I'm planning a whitewater rafting trip, and I'm worried what I should do if the raft flips over.

Is there a standard set of procedures I should go through to get back on the raft?

2 Answers 2


Generally if someone asks this question they don't have a lot of experience and are going with a guide so I will approach it from that point of view.

The first thing to do is bring your feet up to the top of the water and get to the raft as fast as you can. You want to keep your feet up to help against hitting any debris you may be floating over and or getting drawn by hydraulics (basically strong pulling water that is caused by passing over obstacles). The guide will probably crawl on top of the raft and flip it over by grabbing a side and using his weight as leverage.

However, if the rapids are particularly strong at this point, it's not uncommon to get on the raft upside down and wait until you have reached a more docile point in the river to right it.

Something that may go against your natural instincts, it's generally advised not to leave the raft and help others. This may end up in you getting separated from the raft and probably the other person.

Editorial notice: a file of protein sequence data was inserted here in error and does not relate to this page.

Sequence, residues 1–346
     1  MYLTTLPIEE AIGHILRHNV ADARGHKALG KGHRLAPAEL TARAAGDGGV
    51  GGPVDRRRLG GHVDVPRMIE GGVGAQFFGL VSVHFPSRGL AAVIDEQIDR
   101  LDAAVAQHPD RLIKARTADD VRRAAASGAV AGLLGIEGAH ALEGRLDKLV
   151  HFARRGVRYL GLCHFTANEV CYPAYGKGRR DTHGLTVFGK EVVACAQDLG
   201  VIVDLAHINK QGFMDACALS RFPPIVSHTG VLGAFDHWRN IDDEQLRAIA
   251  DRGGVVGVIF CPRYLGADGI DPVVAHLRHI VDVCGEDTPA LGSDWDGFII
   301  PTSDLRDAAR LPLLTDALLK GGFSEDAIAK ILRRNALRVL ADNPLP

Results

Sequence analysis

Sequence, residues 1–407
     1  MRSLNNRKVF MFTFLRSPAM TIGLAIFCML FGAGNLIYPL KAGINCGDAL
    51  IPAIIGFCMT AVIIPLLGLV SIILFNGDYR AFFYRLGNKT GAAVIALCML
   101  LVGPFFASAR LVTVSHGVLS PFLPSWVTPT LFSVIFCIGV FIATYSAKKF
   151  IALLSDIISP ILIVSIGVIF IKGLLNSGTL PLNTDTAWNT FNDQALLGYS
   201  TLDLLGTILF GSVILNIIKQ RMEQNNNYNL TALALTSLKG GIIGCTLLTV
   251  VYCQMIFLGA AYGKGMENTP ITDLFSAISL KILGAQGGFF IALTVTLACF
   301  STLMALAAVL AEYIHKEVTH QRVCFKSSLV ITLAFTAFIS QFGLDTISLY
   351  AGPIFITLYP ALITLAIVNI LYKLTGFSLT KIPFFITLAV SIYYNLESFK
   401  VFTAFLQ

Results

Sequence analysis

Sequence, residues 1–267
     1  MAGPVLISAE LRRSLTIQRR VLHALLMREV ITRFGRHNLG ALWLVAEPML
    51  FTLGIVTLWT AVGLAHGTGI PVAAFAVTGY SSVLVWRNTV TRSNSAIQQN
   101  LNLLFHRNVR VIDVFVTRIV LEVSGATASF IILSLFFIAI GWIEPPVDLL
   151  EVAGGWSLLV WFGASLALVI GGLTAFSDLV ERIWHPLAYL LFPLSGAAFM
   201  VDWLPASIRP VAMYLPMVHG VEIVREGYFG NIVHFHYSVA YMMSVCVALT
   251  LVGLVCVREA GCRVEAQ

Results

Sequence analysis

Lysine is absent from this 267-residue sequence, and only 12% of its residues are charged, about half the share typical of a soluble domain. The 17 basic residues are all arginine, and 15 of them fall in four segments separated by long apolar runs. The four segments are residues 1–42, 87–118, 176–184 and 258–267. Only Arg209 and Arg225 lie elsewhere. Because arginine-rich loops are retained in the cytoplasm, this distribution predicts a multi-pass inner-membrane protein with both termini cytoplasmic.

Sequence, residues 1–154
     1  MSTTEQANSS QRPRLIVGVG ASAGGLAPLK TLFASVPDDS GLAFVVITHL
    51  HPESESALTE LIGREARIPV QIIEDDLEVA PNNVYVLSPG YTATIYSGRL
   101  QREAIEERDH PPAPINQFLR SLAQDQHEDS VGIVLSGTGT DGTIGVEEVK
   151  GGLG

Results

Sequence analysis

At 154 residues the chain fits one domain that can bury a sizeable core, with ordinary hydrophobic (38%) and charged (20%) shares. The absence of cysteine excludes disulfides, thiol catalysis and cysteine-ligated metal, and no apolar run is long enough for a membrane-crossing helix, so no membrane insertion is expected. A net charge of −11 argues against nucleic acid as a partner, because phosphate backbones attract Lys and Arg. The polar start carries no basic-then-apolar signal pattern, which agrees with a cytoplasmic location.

Biggest things to remember are:

  • Stay Calm
  • Stay with the raft
  • Do exactly as the guide says. He knows the river and knows what he is talking about.

Before leaving, make sure you know about white-water swimming techniques (float on your back with your feet at the surface pointing downstream).

When you fall in, make sure you aren't tangled up in anything. Your biggest danger is getting something caught in the river bed (like loose rope catching between rocks) and being pushed down by the current. Where to aim for will depend on the situation, but in general, you want to stay close to, but upstream of the raft so you can't get "squashed" between the raft and any obstacle in the river.

Another good thing to remember is keeping your paddle in your hands. Don't drop it as you fall in. First, you don't want to lose it, do you? But mostly, it can help you swim, and you can use it to push off rocks and direct yourself into a clearer part of the stream. You can also use it for extra stability while walking in waist-high flowing water, for example.

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